Survey shows fear of crime in Northern Ireland is rising
Drugs, alcohol and a lack of parental discipline are the three biggest causes of crime in Northern Ireland, according to a government commissioned survey.
The survey also shows that over 60% of people surveyed thought that crime has increased in the last two years, despite it actually dropping.
The research was carried out by the Northern Ireland Crime Survey for the Department of Justice.
More than 4,000 people were surveyed during the 2010 to 2011 financial year.
Of those asked, 71% felt drugs were the major cause of crime in Northern Ireland, while 66% thought it was alcohol and 62% believed it to be a lack of discipline from parents.
When asked which single factor was the main cause a lack of discipline from parents was a percentage point higher than drugs at 24%.
There was also a disparity in the number of people who thought they may be a victim of crime in the next year and the actual chance of it happening.
For example, 15% or those asked thought they may be burgled but the actual risk is 2%. Car crime was similar with 15% of those asked feeling they may be a victim but just 3% are likely to.
The respondents were also more positive about perceptions of crime in their area as opposed to across Northern Ireland or in England and Wales.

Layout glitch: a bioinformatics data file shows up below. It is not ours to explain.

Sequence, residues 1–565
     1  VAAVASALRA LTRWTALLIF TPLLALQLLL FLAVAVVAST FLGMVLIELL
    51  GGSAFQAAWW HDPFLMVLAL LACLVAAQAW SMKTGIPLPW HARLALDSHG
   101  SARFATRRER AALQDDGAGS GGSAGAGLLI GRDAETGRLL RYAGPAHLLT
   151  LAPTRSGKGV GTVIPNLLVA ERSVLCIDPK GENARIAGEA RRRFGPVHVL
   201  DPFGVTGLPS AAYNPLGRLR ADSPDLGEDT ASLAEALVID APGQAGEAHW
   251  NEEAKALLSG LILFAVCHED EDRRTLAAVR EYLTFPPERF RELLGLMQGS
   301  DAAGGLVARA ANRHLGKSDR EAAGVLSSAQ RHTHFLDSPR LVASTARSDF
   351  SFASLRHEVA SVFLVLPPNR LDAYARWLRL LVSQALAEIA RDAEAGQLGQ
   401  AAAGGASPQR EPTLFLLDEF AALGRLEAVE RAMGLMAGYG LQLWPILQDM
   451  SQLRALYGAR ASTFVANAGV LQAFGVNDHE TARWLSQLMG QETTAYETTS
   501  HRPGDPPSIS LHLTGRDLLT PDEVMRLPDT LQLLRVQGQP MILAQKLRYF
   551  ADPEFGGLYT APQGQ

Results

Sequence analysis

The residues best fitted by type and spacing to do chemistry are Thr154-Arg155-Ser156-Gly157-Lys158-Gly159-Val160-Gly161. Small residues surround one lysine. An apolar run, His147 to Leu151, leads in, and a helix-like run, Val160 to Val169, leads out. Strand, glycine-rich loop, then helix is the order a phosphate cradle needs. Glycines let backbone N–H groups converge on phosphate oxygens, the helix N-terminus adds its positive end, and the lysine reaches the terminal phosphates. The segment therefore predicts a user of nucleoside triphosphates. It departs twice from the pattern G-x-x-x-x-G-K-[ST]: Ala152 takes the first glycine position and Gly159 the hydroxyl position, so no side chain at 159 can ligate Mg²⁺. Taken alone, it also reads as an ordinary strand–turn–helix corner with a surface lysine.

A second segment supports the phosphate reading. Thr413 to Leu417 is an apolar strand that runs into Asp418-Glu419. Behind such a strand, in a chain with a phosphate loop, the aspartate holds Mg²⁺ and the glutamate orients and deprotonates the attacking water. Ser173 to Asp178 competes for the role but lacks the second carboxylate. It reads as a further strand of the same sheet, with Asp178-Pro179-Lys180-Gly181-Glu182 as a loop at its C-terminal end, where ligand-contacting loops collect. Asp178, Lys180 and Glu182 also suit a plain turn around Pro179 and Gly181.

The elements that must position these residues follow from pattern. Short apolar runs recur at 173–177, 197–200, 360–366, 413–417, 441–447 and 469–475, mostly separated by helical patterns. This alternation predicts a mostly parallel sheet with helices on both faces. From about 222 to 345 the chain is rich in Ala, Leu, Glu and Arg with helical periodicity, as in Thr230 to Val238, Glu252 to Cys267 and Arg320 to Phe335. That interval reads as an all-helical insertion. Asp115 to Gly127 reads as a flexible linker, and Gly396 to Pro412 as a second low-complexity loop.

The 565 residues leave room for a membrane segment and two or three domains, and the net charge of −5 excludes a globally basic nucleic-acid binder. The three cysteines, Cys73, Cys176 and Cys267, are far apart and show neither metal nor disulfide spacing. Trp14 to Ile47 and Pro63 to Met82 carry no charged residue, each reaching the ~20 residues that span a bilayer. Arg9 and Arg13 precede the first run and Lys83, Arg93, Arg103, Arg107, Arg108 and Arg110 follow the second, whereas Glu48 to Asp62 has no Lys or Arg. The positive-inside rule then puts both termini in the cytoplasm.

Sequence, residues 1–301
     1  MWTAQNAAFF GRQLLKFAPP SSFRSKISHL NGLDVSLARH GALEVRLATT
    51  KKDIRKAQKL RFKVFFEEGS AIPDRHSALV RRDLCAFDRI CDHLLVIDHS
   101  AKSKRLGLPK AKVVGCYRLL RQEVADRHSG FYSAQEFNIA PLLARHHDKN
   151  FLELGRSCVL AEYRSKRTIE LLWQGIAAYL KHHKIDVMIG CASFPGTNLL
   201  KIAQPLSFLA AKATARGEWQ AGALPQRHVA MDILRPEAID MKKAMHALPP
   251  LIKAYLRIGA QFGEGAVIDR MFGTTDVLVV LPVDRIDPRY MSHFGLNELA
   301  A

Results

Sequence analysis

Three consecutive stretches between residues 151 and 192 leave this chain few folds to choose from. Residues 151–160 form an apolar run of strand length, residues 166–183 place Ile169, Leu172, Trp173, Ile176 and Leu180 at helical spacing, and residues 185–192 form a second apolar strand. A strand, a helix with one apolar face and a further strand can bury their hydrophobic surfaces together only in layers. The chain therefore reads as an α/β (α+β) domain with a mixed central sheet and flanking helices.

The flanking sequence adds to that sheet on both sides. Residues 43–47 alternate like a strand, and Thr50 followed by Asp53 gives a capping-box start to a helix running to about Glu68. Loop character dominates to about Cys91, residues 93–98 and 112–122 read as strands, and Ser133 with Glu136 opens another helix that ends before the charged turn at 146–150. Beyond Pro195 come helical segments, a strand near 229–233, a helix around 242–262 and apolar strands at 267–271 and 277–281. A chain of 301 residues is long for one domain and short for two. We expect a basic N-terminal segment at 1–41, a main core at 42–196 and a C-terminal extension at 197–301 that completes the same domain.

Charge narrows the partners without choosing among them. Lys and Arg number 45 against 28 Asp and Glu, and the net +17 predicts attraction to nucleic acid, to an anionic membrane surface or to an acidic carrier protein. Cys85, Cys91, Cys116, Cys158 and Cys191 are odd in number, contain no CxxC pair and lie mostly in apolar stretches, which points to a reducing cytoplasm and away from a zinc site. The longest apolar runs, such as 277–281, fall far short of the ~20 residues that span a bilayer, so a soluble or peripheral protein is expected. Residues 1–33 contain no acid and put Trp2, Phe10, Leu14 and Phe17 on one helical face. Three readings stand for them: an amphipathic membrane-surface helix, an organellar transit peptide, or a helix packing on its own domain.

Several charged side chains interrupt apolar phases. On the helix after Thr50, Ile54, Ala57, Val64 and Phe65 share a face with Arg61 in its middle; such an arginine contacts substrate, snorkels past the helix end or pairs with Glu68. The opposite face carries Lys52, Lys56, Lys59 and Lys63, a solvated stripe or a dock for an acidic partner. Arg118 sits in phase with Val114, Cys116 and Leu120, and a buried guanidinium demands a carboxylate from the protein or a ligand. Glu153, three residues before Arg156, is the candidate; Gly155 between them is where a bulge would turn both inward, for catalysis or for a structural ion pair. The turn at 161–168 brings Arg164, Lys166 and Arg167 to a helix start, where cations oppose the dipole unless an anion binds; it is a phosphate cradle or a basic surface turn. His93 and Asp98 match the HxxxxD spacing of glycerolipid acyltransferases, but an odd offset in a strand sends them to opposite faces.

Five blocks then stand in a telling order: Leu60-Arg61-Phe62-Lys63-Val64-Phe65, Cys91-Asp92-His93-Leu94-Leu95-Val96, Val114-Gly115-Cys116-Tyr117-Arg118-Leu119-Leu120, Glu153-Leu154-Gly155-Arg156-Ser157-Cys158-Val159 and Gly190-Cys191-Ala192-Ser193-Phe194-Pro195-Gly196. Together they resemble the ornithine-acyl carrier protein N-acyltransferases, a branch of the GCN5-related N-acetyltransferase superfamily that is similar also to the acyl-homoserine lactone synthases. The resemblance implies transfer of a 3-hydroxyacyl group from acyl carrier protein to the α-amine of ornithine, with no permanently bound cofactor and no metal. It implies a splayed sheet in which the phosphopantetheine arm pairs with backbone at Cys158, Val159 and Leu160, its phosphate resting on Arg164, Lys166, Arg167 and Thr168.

Justice Minister David Ford highlighted the difference between the fears of those surveyed and the actual chance of them being a victim of crime.
Mr Ford said: "Crime levels in Northern Ireland are on a downward trend and people are less likely to be victims of crime here than in England and Wales.
"The findings of the report do not come as any surprise. During the consultation process on the Community Safety Strategy, the common theme running through the public meetings was the contrast between the fear of being a victim of crime and the actual risk.
"Tackling crime, the fear of crime and anti-social behaviour is a key priority for the criminal justice system and progress is being made.
"Crime levels are down, as are incidents of anti-social behaviour and the establishment of the new Policing and Community Safety Partnerships in the next few months will bring together organisations at a local level to tackle crime and the fear of crime."